The economy and the stock market are no longer depressed, yet the share of U.S. adults who own stocks remains at multi-year lows. Russ explains why investors haven’t yet fully embraced equities and what this could mean for longer-term stock market performance.
Despite last week’s losses, stocks are still having a good year – in fact, they’ve been having a good five years. During the bull market of the last five years, U.S. stocks, as measured by the S&P 500, have generated total returns of 233%. So, you would think most investors would be embracing equities.
Market Realist – The above graph shows the performance of the S&P 500 (SPY) for large cap equities, the S&P 400 for mid-cap stocks (or MDY), and the S&P 600 for small cap stocks (IWM) in the past five years. All the segments have grown. Small cap stocks had a particularly good run. They kept climbing until March. Then, they fell because of concerns about normalizing volatility and overvaluation.
Market Realist – The graph above shows the performance of the S&P 500 (or IVV) by sector. All the sectors have given returns of more than 10% in the last five years.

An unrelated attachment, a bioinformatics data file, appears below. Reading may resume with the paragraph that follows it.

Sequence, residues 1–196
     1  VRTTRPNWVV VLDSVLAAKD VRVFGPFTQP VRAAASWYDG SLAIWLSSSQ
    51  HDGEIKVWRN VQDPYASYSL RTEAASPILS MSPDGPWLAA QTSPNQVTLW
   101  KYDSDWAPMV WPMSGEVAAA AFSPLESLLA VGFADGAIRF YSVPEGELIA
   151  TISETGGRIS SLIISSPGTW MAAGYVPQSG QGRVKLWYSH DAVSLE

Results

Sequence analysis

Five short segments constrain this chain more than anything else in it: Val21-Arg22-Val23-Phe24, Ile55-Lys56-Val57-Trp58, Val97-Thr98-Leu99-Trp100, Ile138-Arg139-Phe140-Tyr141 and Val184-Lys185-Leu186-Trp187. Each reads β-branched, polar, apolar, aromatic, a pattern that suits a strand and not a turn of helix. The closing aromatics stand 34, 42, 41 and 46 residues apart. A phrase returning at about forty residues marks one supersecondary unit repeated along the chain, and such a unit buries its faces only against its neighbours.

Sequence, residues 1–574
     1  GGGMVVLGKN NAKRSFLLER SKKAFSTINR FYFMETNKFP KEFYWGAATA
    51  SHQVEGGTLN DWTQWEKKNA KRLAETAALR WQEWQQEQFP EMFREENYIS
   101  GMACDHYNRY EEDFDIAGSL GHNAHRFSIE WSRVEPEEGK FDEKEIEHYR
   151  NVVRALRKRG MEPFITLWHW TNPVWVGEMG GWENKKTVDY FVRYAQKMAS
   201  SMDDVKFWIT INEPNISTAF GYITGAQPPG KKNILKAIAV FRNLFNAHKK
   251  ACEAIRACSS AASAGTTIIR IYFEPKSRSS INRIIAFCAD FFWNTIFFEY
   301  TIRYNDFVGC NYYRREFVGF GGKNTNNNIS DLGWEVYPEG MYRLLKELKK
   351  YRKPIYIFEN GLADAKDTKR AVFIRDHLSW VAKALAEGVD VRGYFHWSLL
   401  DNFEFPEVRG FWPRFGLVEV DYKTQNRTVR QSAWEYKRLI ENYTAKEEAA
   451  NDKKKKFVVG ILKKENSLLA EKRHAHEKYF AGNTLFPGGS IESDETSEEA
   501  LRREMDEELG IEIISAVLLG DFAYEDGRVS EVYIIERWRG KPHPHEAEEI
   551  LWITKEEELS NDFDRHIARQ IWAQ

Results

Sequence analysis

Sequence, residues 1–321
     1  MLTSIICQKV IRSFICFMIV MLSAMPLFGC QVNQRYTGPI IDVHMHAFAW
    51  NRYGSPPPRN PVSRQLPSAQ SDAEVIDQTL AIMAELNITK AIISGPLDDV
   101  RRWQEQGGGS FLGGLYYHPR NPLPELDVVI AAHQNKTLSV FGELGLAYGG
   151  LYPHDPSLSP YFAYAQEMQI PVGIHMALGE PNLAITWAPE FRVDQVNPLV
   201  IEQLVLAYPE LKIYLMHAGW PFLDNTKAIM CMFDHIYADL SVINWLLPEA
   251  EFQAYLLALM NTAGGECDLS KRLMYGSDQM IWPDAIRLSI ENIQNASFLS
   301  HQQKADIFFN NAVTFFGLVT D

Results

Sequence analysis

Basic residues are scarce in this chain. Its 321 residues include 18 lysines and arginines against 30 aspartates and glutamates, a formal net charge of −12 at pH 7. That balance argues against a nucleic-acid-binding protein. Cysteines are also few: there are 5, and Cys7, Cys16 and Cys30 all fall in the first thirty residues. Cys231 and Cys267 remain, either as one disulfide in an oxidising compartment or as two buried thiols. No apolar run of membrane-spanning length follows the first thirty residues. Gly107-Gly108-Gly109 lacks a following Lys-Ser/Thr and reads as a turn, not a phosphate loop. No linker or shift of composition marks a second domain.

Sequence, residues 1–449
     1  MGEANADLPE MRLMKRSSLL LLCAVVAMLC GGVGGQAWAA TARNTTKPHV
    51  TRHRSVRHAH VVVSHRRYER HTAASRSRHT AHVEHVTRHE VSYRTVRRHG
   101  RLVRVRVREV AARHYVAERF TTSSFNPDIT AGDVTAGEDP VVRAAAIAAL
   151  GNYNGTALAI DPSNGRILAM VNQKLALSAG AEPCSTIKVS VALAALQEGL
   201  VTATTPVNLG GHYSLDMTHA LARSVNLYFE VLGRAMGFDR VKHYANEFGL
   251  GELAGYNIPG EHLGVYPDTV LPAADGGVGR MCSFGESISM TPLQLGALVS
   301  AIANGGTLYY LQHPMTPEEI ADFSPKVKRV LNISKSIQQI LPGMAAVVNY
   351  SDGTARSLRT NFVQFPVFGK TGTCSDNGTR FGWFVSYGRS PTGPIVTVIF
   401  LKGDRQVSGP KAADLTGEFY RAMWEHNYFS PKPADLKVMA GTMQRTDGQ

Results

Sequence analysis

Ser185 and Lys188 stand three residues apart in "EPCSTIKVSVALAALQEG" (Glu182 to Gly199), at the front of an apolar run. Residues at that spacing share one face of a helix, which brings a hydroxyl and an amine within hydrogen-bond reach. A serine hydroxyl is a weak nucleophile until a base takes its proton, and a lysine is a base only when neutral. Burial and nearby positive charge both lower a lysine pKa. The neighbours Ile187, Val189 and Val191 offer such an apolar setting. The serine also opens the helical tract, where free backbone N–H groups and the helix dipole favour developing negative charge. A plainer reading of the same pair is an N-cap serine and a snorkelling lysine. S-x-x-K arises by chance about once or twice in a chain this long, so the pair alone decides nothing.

Currently, the S&P 500 is giving year-to-date (or YTD) returns of more than 8%. It posted gains for seven consecutive quarters. According to Bloomberg estimates, the S&P 500 Index (SPY) closed at a new high 34 times in 2014. The latest record close was at 2,011.3 on September 18, 2014. The Dow Jones (DIA) also closed at a new high 17 times in 2014. The latest record close was at 17,265.99 on September 18, 2014.
To date, it has performed well despite the rising geopolitical tensions, concerns about overvalued markets, the slowdown in the Eurozone, Japan and China, and concerns about the Fed hiking rates sooner-than-expected.
Continue reading the next part of the series to understand why many investors are on the market sidelines, despite the five-year rally.